David Inouye shared research from his field site (or where he spends his time playing while not teaching) and explained phenology models by asking the audience Can we guess when that will happen? His talk featured the memorably phrased description of his Colorado field site location as the place where people over 21 can buy grass to get high. Samuel Cowell regaled us with tales of the nesting behavior of blue flyers — their propensity for stealing some wood hitter homes, but also their territorial protection of other wood hitter homes, ultimately summarizing their complex interactions as blue flyers are bad and good to the wood hitters. Jeff Atkins’s visuals — drawings commissioned from his and his colleagues’ children — strongly resonated with the audience. Pairing crayons and construction paper with the big green stuff and the small green stuff, in the mountains and the not so flat ground was a brilliant take on the simplified vocabulary. Finally, Elizabeth Waring closed the session with her comparison of Old Green Things and New Green Things. The crowd loved her terms for nitrogen deposition (extra ground food to make green things for humans grow harder faster stronger) and greenhouse experiments (grown in a hot box, I changed how hot the grass got).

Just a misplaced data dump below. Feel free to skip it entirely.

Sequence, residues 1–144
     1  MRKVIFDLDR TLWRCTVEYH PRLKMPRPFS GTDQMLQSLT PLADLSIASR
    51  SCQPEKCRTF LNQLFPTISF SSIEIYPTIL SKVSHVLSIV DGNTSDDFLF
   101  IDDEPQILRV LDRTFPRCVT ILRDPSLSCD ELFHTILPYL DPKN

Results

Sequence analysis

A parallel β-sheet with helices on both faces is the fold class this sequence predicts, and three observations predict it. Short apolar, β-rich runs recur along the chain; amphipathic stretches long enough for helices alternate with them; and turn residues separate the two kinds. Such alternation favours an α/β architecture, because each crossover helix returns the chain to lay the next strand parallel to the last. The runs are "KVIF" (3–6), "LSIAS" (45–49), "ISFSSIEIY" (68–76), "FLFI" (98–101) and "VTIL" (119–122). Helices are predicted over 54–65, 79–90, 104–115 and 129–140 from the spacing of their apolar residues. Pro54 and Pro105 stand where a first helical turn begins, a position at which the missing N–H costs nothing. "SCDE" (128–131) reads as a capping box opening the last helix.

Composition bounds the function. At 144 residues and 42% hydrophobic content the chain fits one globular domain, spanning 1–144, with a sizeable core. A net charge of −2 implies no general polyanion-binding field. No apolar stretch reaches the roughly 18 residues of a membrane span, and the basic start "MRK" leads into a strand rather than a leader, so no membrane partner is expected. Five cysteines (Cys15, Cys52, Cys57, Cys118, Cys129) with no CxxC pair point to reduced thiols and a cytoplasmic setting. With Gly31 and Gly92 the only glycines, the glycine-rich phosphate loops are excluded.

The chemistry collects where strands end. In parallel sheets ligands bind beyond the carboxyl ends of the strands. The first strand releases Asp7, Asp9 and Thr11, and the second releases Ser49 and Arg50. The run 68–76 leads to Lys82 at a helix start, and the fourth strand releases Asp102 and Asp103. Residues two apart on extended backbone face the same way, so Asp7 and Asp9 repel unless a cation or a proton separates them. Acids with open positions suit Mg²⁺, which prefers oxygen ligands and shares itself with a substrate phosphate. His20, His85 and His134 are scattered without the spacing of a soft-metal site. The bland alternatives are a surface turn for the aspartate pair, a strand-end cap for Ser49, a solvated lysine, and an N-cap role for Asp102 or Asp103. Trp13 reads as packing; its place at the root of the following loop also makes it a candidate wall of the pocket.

Science communication, language, and accessibility were at the center of the post-presentations discussion. Across all of the talks, the most memorable and successful Up Goer Five phrases didn’t just substitute simple words for scientific jargon, they were emotional and evocative compositions. Distilling one’s science into the 1,000 most common words was described as an opportunity to influence the connotation of common (but not top 1,000 words common) phrases with thoughtful word choice. The direct vocabulary has a sharp impact. As one audience member noted, this was not just an exercise in how good are you at using a thesaurus — the speakers found ways to be poetic, expressive, and clear.
Restricting word choice to the 1000 most common words highlights how few of our common words are ecological terms. In a way, this highlights the difficulty of science communication with the general public: our vocabularies do not always intersect. Meg Lowman wondered aloud if we could add 125 of “our words” back to the common vernacular. The loss of nature words from the Oxford Children’s Dictionary and our vocabulary in general has been noted. Is this a crusade for ecologists? What are the 125 words that we most miss? And what can we do to reintroduce these into words so that the next generation of Up Goer Five ecologists has the ability to say “trees”?